“The terrorism threat from the Afghan region is not zero, but, at the moment, it’s less than it is in other parts of the world,” Representative Adam B. Schiff, Democrat of California and the chairman of the House Intelligence Committee, said in an interview on Tuesday. “So the question is, can we continue to suppress the terrorism threat” from southwest Asia “without our troops being on the ground in Afghanistan?”
If the United States withdraws from Afghanistan, it is not clear whether Al Qaeda could rebuild a base there for carrying out terrorist attacks against the United States, according to senior lawmakers with access to the classified assessments. And even if Al Qaeda could rebound, some officials have asked if the group might choose another lawless region over Afghanistan.
“What is that threat really going to be?” Representative Adam Smith, Democrat of Washington and the chairman of the House Armed Services Committee, said last month during a virtual conference on Afghanistan. “This isn’t the 1990s when Al Qaeda set up camps, and they had the Taliban and no one was paying attention to them.”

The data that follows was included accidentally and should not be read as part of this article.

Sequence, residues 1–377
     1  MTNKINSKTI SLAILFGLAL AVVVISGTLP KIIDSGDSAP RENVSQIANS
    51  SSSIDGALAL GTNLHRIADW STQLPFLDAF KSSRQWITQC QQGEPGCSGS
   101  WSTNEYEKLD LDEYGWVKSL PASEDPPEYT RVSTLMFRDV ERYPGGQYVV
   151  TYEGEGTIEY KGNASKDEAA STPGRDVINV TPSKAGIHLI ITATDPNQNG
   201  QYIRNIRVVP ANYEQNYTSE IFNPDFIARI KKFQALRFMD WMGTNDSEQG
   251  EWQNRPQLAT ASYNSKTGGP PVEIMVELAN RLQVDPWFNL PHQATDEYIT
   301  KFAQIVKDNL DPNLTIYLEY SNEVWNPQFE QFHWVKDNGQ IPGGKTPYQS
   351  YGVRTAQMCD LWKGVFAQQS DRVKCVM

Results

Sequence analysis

But collecting intelligence will become far more difficult once U.S. troops leave, current and former officials acknowledged. While some counterterrorism operations against terrorists inside Afghanistan can be conducted from far-flung bases in the Persian Gulf and elsewhere outside the country, they are risky and difficult to pull off. Mr. Biden or future presidents may be reluctant to approve them.
And with a weakened Afghan government facing pressure from the Taliban, conditions would be ripe for Qaeda cells to grow, some counterterrorism officials said.
“Ungoverned spaces, let alone a known terrorist organization like the Taliban dominating a nation, is altogether an ideal breeding ground for disparate terrorist groups that threaten the United States to find save haven and shelter,” said Marc Polymeropoulos, a former C.I.A. officer who spent much of his career working on counterterrorism operations, including in Afghanistan.
Though the threat from international terrorist groups operating from Afghanistan is low, it might not stay that way, said Michael P. Mulroy, a former Pentagon official and C.I.A. officer who served in Afghanistan. U.S. counterterrorism operations have put continuous pressure on terrorist groups throughout the Afghanistan war. Once the troops leave, he said, that pressure will decline and the ability to collect intelligence in the region will suffer.